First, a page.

Perhaps the only positive lesson from the 407 is how technology can make toll roads easier to use and eliminate the need for toll booths, which create slowdowns and more vehicle emissions. However, these upsides are minor relative to the scale of the problems of congestion and emissions. And a better solution to both problems exists anyway: publicly funded public transit.

Low-emission public transit options are desperately needed for both intra-city and inter-city transportation. Public transit can move many more people than private vehicles, in the same amount of space and with the same amount of energy use. It will also be much easier—and collectively cheaper—to create low-emission public transit systems than to replace all of our high-emission private vehicles with low-emission vehicles.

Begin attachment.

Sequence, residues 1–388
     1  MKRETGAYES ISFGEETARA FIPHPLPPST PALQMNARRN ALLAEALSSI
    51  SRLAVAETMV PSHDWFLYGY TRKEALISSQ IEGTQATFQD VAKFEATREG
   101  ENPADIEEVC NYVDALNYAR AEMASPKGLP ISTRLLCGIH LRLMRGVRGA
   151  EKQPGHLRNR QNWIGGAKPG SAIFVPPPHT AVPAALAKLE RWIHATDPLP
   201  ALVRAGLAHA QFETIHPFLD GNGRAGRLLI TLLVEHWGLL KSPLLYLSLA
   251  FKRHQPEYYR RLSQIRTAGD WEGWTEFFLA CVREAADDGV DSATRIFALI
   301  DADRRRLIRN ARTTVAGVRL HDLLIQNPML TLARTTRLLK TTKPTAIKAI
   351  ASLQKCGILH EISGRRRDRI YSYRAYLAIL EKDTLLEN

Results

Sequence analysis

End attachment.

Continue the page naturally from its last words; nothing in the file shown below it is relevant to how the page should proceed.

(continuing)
The expansion of public transit ought to be publicly funded. Alberta has repeatedly cut corporate taxes, promising the province would reap increased investment and jobs. Citizens continue to wait for those benefits. Just by restoring Alberta’s corporate tax rate to that of its closest neighbours, the province could see increased revenue of more than $1-billion per year. Publicly funding the expansion of public transit would also create jobs. These include not only the direct, immediate jobs of building and operating expanded public transit but also the indirect jobs created by making it easier and cheaper for people to move within and between cities.

Tolls could be part of sustainable transportation systems. But even if we accept the assumptions that justify tolls, the theory doesn’t apply to Alberta’s plan. Further, there are better ways to fund infrastructure. Properly funded mass transit would do much more to reduce emissions, while publicly funding transportation is more just and ensures the greatest public access.